1) What important directions and coordinate systems help you find your way around the sky? a) The Constellation Method uses some of the brighter stars to form patterns in the night sky and judges their positional relationship to each other forms. b) The Alt Azimuth Method does not use the patterns of the stars in the sky at all, but a grid reference or latitude and longitude references are used. c) The Celestial Method is much like the Alt Azimuth Method but is achieved by using an equatorial mounting. The difference between an equatorial and an Alt Azimuth mounting is that the equatorial rather than having its rotation bearing level. This allows the telescope tube to rotate around the same axis as the Earth’s axis. 2) Why are there different brightness of stars and how do we describe their brightness as compared to one another? a) Appa

rent magnitude refers to value of the magnitude depending on both how close the star is and how much

energy it is emitting. b) Parallax is the shifting location of nearby objects compared to more distance objects when you change your viewpoint the biggest scale of this is the orbit of Earth. 3) What are constellations?

a) A constellation is a region of the sky with well-defined borders; the familiar patterns of stars merely help us locate the constellations. 4) What is Polaris and what is its significance in the sky?

a) Polaris is a star with an extreme luminosity and is also referred to as the North Star. b) Polaris is special not because of its brightness, but because it is so close to the north celestial pole and therefore very useful in navigation. 5) Why does the Moon change its phase, how does it move and how do these combine to create eclipses? a) The moon phases refer to its illumination by the sun. It is generally considered to have four phases: crescent, gibbous, waxing, and waning. b) The synodic period or lunation is approximately 29.5 days. It’s the time required for the moon to move to the same position (same phase) as seen by an observer on earth. c) When the moon blocks the sun or a part of it, it’s called a solar eclipse, and it can only happen during the new moon phase. When the earth casts a shadow on the moon, it’s called a lunar eclipse, and can only happen during the full moon phase. b. What is the science of astronomy?

1) Astronomy is the study of space and universe through careful observation and trial and-error experiments. c. What is the scientific method and how does it relate to the science of astronomy? 1) The scientific method is the process by which scientists, collectively and over time, endeavor to construct an accurate (that is, reliable, consistent and non-arbitrary) representation of the world. 2) In the field of astronomy, the earth-centered description of the planetary orbits was overthrown by the Copernican system, in which the sun was placed at the center of a series of concentric, circular planetary orbits.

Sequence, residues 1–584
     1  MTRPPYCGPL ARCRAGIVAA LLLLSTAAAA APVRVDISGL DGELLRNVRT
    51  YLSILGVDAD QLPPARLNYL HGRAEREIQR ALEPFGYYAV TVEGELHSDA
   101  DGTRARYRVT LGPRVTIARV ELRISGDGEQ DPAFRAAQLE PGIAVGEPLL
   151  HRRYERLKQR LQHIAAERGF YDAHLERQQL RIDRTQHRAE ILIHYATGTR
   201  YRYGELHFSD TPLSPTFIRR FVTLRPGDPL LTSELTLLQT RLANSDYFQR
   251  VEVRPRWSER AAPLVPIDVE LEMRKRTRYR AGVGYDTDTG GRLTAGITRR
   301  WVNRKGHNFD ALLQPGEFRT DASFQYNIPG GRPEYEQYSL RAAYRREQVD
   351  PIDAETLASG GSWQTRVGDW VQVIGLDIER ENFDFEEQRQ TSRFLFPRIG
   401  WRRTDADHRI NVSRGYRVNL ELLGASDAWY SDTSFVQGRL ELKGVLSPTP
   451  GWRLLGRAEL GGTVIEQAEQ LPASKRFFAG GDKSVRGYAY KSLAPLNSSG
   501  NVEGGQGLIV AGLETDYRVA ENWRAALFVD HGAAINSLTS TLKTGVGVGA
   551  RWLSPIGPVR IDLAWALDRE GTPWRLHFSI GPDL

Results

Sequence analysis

Later, this theory was modified, as measurements of the planets motions were found to be compatible with elliptical, not circular, orbits, and still later planetary motion was found to be derivable from Newton’s laws. d. Who was Aristotle and what was his relationship to the science of astronomy? 1) Aristotle (384–322 B.C.) is among the best-known philosophers of the ancient world. He studied under Plato (428–348 B.C.) at Plato’s Academy. 2) Aristotle argued that the universe is spherical and finite; consequently that the Earth too was a sphere. However he also argued that gravity pulled heavy things toward the center of the universe (and allowed lighter things to float toward the heavens), thereby causing all the dirt, rock, and water of the universe to collect at the center and form the spherical Earth. e. What was the Copernican revolution?

1) Copernicus’ model, a rediscovery of the one proposed by Aristarchus centuries before, explained the observed motions of the planets more simply than Ptolemy’s by assuming a central sun around which all planets rotated, with the slower planets having orbits farther from the sun. f. What observations did Galileo make that proved that planets go around the sun? 1) In particular, he used experiments with rolling balls to demonstrate that a moving object remains in motion unless a force acts to stop it (an idea now codified in Newton’s first law of motion). 2) In reality, Venus orbits the Sun, so from Earth we can see it in many different phases. This is just what Galileo observed, allowing him to prove that Venus orbits the Sun and in turned helped to prove Copernicus’ theory. g. What laws tell us how the planets move around the star?